Logistic regression was used to examine predictors of primary virological and safety outcomes, with P < 0.05 defined as statistically significant. The primary predictor of interest was baseline CP score (CP ≥6 vs. CP = 5). For both primary virological and safety outcomes, baseline characteristics including age, gender, race/ethnic group, HCV genotype 1a (vs. 1b or other), previous null or partial response to peg-IFN/RBV treatment (vs. treatment-naïve or relapsers to peg-IFN/RBV treatment), interleukin-28B (IL28B) genotype CC (vs. CT/TT), baseline laboratory indices [bilirubin, creatinine, international normalised ratio (INR), albumin and platelet count], baseline MELD, use of telaprevir (vs. boceprevir), baseline HCV viral load (VL), and presence of varices were examined in regression models. For the primary virological outcome, achievement of RVR was also examined in regression models separately. Those covariates with P < 0.20 were evaluated in multivariable models. Models were built using backward elimination of covariates, using a P < 0.05 as the criterion for inclusion in the final model. The primary predictor, baseline CP score (CP ≥6 vs. CP = 5), was forced into all models. Multicollinearity within the models was examined using the variance inflation factor (VIF). If the VIF was >10, then multicollinearity was established and the offending covariate was removed from the model. Optimisation of baseline bilirubin, INR, albumin and platelet count as a predictor of SVR12 was examined post hoc using receiver operator curves (Figure S1). The optimal point that maximised sensitivity and specificity within the cohort for each covariate (bilirubin of 1.2 mg/dL, INR of 1.2, albumin of 4.0 g/dL and platelet count of 115K/mm3) was included in univariate and multivariate analyses of SVR12.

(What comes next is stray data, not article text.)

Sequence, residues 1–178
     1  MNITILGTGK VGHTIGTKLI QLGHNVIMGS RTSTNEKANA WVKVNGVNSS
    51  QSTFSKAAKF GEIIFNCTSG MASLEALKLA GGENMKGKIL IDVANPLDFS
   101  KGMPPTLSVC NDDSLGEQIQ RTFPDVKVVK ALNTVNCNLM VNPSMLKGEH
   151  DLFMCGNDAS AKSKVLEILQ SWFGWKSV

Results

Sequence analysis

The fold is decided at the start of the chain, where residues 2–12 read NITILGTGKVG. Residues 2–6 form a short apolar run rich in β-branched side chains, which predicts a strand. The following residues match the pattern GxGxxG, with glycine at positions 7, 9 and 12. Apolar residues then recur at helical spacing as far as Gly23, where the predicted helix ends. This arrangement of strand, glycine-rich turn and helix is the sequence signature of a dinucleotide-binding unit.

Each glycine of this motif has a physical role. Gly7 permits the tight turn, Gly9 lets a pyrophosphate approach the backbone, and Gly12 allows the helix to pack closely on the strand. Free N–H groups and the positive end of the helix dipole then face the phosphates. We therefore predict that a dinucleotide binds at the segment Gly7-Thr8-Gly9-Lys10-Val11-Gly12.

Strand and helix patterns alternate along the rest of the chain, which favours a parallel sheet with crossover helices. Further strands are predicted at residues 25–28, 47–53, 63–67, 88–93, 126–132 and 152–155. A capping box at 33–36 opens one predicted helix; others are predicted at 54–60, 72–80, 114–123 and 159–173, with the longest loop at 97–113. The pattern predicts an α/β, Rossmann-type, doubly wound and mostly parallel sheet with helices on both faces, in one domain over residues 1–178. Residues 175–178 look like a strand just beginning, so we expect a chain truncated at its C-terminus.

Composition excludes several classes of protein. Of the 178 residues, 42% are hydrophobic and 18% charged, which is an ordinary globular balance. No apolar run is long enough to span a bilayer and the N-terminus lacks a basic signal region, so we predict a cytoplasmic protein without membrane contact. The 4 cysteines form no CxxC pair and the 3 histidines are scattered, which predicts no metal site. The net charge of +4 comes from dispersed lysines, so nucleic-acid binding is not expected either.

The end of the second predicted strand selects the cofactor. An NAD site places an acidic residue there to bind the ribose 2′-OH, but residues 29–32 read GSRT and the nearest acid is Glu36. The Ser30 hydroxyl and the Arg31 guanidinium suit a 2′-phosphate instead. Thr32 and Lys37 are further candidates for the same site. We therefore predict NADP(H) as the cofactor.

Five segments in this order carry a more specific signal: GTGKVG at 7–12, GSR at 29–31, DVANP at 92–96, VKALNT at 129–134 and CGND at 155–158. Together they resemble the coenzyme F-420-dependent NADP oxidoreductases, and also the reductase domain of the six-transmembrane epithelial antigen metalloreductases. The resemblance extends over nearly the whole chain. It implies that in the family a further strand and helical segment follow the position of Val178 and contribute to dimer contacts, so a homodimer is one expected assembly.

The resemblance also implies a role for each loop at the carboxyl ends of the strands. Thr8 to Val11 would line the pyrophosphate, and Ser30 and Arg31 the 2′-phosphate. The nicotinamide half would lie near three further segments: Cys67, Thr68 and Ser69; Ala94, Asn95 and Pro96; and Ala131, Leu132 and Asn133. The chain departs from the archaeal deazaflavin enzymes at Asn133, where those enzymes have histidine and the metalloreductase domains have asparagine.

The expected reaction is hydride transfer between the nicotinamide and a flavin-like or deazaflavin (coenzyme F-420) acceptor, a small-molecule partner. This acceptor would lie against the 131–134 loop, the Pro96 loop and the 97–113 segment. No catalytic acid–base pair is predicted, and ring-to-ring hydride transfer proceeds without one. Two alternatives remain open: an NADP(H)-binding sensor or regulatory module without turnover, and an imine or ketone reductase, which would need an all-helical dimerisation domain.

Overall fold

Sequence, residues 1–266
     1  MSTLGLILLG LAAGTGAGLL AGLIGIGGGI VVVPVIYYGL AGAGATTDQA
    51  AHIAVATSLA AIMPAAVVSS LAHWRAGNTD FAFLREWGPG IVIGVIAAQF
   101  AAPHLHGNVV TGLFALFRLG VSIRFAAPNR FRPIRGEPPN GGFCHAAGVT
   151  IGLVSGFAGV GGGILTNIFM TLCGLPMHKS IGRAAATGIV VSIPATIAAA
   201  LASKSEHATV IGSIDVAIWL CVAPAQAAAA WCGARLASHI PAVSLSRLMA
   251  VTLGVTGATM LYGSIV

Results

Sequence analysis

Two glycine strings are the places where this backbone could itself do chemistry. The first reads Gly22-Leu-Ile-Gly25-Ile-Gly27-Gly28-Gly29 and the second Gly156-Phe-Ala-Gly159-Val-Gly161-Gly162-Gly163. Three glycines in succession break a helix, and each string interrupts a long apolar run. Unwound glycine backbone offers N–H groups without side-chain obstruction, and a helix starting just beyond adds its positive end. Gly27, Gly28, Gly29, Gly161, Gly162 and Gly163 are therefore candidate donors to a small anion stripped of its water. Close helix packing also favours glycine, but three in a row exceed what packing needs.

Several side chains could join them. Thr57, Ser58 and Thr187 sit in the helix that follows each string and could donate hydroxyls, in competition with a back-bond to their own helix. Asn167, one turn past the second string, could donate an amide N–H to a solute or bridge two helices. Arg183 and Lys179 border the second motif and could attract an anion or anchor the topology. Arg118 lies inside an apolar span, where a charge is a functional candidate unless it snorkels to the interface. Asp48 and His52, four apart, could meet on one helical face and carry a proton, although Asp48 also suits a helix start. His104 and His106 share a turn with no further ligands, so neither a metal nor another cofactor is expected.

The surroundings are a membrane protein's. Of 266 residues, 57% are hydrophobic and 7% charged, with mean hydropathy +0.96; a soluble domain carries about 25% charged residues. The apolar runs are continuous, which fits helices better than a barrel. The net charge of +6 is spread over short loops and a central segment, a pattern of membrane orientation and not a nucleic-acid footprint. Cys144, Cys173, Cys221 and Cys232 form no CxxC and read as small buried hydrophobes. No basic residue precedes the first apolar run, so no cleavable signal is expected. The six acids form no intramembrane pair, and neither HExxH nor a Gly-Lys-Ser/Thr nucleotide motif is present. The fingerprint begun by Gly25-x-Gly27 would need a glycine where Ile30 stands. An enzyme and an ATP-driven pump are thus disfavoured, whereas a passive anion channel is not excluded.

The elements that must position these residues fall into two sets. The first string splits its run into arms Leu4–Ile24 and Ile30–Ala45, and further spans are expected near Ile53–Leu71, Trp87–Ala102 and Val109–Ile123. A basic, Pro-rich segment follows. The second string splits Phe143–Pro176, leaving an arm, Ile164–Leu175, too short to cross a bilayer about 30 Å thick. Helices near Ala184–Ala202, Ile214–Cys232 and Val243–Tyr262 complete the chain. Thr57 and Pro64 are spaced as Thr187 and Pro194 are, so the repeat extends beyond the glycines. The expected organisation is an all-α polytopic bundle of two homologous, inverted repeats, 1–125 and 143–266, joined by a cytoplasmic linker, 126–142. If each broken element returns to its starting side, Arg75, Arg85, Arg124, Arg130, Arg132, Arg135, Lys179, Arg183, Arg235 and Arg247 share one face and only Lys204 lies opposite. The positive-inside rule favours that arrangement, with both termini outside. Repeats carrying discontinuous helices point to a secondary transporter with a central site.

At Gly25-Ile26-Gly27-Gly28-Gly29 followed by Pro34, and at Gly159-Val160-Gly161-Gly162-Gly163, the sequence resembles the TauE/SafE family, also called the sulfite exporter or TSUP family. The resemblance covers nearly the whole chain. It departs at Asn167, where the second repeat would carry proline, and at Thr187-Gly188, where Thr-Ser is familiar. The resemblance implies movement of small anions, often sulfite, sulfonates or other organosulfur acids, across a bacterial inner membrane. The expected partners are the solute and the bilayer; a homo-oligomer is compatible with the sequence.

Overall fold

Clinical site was identified as a proxy variable for on-treatment differences in peg-IFN dose reductions, RBV dose reductions, epotein-alfa use, granulocyte colony-stimulating factor use and eltrombopag use between sites. Thus, all final models were adjusted for clinical site.